Chrome lost its shine? Five alternative browsers to try
Branch out with your browser choice
Google Chrome may be the biggest web browser at the moment, but things can change. It wasn’t too long ago that Microsoft was on top. Now Chrome is the runaway winner, according to Statcounter figures, hoovering up 60 per cent of the market and trailed by Safari, UC Browser, Firefox and Opera.
There are good reasons for that. When Chrome launched, it offered a faster, more streamlined way to browse the internet than its rivals. Its automatic update schedule meant it was easier to stay ahead of security threats. Plus the breadth of Google’s product portfolio meant it was easy to get sucked in; signing into Chrome means you are automatically signed into YouTube, Google Drive and other Google products. Your bookmarks, site passwords, preferences and other data comes along too.
But perhaps that reach doesn’t sit too comfortably with you. Maybe you’d like to give Google a little less insight into your life. De-Googling your entire life may not be practical, but you can choose another browser.
Good old Firefox. Before Chrome came along, it was the top browser for those looking to move away from Internet Explorer. Chrome snatched its crown, but there is plenty to like about the updated version of Firefox, dubbed Firefox Quantum. It’s claims to be faster than Chrome, and use less memory so it won’t hog your computer’s resources. Plus we have a bit of a soft spot for Firefox, so it’s good to see it come back as a genuine contender for Chrome.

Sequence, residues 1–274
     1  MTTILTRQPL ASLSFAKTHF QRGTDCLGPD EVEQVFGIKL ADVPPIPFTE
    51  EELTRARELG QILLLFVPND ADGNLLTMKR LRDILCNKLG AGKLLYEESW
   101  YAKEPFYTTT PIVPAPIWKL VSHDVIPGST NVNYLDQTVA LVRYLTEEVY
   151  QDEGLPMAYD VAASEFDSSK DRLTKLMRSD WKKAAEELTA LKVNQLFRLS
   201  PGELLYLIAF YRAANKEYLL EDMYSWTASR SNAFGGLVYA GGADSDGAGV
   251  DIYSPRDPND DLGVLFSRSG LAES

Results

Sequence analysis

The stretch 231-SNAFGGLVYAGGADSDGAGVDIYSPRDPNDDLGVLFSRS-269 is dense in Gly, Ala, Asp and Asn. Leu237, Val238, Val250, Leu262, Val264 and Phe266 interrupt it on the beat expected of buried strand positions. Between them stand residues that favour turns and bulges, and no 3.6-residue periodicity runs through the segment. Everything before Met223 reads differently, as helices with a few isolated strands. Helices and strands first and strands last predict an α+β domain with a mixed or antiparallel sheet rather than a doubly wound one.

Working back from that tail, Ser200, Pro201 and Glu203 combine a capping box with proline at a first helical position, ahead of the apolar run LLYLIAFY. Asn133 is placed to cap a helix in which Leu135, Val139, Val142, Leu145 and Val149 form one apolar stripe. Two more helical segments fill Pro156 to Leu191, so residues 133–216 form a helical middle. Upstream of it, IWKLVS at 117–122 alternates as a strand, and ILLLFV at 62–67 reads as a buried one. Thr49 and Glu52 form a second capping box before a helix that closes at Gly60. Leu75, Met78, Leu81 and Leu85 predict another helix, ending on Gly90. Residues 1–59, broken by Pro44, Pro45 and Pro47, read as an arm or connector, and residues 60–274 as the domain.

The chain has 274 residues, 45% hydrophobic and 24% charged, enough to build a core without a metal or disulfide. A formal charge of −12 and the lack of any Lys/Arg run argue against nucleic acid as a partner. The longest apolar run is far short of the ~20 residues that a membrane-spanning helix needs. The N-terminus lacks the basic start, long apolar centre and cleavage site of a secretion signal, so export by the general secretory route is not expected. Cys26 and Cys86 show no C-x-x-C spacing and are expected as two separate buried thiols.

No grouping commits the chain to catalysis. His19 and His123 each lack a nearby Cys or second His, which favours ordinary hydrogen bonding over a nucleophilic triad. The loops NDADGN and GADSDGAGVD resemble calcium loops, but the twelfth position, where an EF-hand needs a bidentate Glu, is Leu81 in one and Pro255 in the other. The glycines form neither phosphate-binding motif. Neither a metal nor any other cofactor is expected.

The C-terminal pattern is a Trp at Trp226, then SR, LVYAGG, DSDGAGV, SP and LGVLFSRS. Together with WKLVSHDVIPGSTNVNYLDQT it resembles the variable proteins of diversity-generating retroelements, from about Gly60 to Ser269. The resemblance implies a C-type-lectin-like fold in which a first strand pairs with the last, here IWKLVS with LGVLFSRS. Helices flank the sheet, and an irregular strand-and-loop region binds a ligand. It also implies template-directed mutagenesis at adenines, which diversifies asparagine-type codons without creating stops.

At some point, browsers all begin to blend in to one another. The features that once set them apart - a built in ad blocker, for example - have become ubiquitous. Opera is now offering a battery saver and a free VPN, so you can not only cut down on the power that your web browsing is sucking from your laptop and browse longer, you can also browse more privately.
Speaking of privacy concerns, if you value your privacy, the Tor browser takes things up a notch. It uses the Tor network to move your communications around a series of relays so it’s harder to track your web traffic. The browser is pre configured - handy if you aren’t the most tech savvy person - so unless you have specific requirements, it is ready to out of the box. You don’t even have to install it on your computer; you can put it on a USB stick and take it away with you.
Want more how control over how your browser looks and performs? Check out Vivaldi. It’s built using the Chromium engine, but it is very different to Chrome. You can control everything from the colour scheme to the position of the tab bar, add filters, customise shortcuts, group tabs and even view in splitscreen. Basically, there’s a lot of very useful stuff that you never knew you needed.
If you just want something lightweight and easy to get on with, Midori is a good option. It supports the essentials like HTML 5 and Spotify, has an integrated ad blocker plus a simple way to manage your privacy, and it’s speedy.